in , ,

The Jazz Singer


‘…a wildly amusing film, a vanity project from a star who has got little to be modest about…’

A guilty pleasure? Guilty as charged, your honour; this is a film that winds up with a middling to poor rating from critcs and audiences, but even writing about it conjures up waves of off-kilter enthusiasm. Richard Fleischer’s 1980 vehicle for Neil Diamond is something of a strange proposition; after all, what TF has Neil Diamond got to do with jazz anyway? The AOR Singer presumably wasn’t a title that appealed, but Diamond’s music has endured, and he certainly brought his A-game to providing an ace set of songs for the soundtrack.

America, Hello Again and Love On The Rocks are belters in any era, and it’s no surprise the soundtrack made more money than the film. On reflection, could there been conceptual errors behind a film that starts in rather offensive fashion with Neil Diamond in black-face? Probably; the point of this cultural-identity crisis is that only by blacking–up can Jess (Diamond) escape the Jewish traditions his father (Laurence Olivier) wants him to take on board, and the more popular Jess’ music is, the more his father disapproves.

‘Ay hef no son!’ is Cantor Rabonovich’s much-quoted dismissal of Jess’s career choice, but things end happily enough with Olivier jigging away in a stadium gig to the synth-blast opening of America. The Jazz Singer is a wildly amusing film, a vanity project from a star who has got little to be modest about; Diamond has maintained a sky-high level of stardom by touring and reinvention, and The Jazz Singer is exactly the kind of excessive project a real star creates.

I’ve reworked this review because during a previous posting, I used an image of Diamond in blackface to illustrate the oddness of some of the film’s conceits, and then watched horrified as the review was widely shared. If you have to ask if people might be offended, then it’s probably true that they will, and Diamond’s misculculations about race are of their time, some forty plus years ago. Instead, I’ll award bonus points for Paul Nicholas in a wonderfully awful cameo as a British rock star whose laughable speed-metal cover of Love on the Rocks irks Diamond, and with good reason.


Leave a Reply
  1. Steered clear of this one at the time. Diamond went through an odd transition from acclaimed singer-songwriter to being dumped on from a great height as rock knocked pop off its perch. I remember listening with awe to his African Trilogy from the Tap Root Manuscript in 1970 and thinking this was the sounds of the 70s, an experimental piece that knocked your socks off. To find him being dumped in the AOR section and not embraced by critics was a bit harsh.

  2. My dad was a big fan of Neil Diamond so I grew up with his songs as a kind of background music to my pre-teen years. I remember enjoying this film when I first saw it, mostly for the soundtrack, but partly because we got to see an aged Olivier “jigging away” as you say. It’s a cracker!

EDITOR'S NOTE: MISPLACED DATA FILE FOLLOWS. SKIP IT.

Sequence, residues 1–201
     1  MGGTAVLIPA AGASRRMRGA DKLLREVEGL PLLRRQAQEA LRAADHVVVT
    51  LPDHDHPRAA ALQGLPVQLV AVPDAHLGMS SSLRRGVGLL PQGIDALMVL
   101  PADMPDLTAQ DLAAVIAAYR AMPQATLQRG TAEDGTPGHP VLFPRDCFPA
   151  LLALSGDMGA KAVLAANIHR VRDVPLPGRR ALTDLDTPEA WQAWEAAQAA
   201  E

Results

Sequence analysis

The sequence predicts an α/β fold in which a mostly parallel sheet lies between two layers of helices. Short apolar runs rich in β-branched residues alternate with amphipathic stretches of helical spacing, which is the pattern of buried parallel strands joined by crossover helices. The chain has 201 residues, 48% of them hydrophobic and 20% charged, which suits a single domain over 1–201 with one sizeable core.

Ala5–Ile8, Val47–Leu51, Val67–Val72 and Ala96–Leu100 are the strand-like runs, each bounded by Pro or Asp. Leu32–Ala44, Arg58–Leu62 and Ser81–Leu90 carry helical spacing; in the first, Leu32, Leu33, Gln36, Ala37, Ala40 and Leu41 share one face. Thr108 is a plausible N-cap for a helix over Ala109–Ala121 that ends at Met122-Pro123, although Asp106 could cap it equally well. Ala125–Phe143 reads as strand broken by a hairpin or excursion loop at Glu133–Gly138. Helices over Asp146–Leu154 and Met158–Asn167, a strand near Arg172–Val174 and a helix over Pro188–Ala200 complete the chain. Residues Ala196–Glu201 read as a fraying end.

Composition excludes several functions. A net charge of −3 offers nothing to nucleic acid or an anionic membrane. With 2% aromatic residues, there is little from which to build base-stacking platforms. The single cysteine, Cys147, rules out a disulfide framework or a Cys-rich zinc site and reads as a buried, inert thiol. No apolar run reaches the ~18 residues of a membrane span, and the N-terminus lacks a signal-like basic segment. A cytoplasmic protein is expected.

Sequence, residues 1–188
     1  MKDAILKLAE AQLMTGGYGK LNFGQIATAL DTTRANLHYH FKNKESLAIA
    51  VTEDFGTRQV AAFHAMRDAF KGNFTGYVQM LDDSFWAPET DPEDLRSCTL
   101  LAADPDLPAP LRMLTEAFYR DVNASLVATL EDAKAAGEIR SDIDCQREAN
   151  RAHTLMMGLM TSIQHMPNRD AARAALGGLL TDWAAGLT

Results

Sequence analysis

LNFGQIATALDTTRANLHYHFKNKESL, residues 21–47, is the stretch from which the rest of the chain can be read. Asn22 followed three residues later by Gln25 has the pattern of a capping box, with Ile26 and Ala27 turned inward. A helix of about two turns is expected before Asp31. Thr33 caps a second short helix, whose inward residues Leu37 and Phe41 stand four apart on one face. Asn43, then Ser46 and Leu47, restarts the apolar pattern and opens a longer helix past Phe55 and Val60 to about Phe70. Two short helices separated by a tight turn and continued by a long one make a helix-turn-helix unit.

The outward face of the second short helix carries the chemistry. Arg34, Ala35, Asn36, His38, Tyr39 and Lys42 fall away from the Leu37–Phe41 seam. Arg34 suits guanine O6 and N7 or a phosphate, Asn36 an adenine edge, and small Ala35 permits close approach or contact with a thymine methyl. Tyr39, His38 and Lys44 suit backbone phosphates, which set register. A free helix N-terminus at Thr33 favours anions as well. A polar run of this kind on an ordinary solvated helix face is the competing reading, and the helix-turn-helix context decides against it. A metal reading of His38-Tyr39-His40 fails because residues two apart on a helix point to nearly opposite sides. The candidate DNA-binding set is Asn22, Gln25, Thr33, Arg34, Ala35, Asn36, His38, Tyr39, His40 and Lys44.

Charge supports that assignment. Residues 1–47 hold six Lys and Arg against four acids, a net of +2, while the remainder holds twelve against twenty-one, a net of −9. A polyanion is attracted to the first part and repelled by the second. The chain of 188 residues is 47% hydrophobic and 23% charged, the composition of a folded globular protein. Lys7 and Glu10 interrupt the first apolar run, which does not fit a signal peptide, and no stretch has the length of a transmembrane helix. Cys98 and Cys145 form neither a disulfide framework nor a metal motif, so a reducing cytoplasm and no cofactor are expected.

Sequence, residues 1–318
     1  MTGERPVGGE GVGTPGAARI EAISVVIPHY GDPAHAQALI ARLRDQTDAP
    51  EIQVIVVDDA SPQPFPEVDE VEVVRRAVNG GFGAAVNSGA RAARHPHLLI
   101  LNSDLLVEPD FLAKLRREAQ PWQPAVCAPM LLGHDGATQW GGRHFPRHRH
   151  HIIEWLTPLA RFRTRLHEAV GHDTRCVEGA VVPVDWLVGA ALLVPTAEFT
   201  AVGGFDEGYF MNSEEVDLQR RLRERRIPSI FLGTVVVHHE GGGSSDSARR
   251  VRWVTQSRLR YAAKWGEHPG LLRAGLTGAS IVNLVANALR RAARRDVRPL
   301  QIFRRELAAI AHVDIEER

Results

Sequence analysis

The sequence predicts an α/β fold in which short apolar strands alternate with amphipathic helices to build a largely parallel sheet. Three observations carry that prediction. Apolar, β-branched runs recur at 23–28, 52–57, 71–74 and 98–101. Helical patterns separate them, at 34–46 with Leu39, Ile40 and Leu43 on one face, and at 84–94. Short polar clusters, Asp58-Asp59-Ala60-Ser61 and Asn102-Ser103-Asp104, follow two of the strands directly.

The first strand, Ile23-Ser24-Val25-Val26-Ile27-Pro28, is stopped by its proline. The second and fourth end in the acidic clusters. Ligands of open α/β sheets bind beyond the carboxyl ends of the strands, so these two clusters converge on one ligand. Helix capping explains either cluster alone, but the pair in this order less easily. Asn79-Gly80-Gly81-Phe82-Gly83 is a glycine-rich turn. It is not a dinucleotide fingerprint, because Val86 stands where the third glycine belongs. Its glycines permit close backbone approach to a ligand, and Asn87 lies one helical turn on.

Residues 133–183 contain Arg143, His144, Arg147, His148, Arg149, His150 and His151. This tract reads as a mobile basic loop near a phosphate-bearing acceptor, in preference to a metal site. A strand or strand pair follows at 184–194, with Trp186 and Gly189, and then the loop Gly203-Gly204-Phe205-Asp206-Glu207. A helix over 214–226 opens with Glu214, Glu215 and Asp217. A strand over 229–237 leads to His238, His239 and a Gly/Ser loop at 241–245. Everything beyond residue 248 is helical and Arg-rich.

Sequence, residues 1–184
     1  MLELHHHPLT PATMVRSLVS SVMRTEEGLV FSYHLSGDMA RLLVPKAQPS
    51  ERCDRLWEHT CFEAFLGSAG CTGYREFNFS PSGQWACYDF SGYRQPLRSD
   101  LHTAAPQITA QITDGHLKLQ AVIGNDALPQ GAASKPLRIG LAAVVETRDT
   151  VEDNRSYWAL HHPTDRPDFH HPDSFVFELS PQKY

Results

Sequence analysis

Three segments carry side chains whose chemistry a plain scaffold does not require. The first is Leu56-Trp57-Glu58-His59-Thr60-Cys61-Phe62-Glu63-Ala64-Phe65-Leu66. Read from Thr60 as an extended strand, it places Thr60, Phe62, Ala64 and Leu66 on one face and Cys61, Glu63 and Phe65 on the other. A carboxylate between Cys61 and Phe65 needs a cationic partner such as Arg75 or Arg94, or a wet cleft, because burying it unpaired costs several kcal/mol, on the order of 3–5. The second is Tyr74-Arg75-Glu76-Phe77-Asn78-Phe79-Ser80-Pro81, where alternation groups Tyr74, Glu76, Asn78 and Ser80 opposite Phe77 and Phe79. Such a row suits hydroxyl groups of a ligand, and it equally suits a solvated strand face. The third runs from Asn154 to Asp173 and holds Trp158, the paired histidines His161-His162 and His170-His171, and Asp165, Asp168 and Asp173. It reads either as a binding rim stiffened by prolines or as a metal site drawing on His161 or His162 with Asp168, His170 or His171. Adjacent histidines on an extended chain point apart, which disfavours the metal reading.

3. Well, I’m STILL offended, because you used double ss’s for jass. I obviously can’t write the word and letters you used, because even my rightwing, conservative, moral self (all the right and conservative is US based, not UK) has lines it won’t cross. And you good sir, totally crossed that line.

    I’m so offended. How are we going to remain blogging friends? I think we need therapy…

  4. Agreed, ‘a guilty pleasure and wildly amusing’…and a secret revealed. Diamond collab’ed with FR artist/songwriter singer Gilbert Becaud for several songs in movie/album. Becaud was one of the composites I envisioned when creating character of Chaz in Act of Ambition. The title works for me not because it’s loosely based on Al Jolson talkie, but because jazz and this movie is a bit of scat, an expression of differing feelings, high/low notes, and improv?

    • Aha, another Diamond fan! Music comes and goes out of fashion, but this really is a fabulous soundtrack, great collection of songs! Every days’s a schoolday for me, because I had no idea that these bangers were collaborations, so hats off for the intel! By way of a cultural exchange, I’ll trow in one of my obsessions, the FR singer Michel Polnareff; he rocks over decades! Will be goodling Becaud for some time to come…That title is problematic for me since surely the last thing that Diamond wanted to do was to evoke Jolson, and blackface which is an issue here, but I guess its highly recognisable to anyone with a passing interest in film! For all its faults, I’m very fond of this film, so thrilled to hear I’m not alone in appreciating both virtues and vices here….

Leave a Reply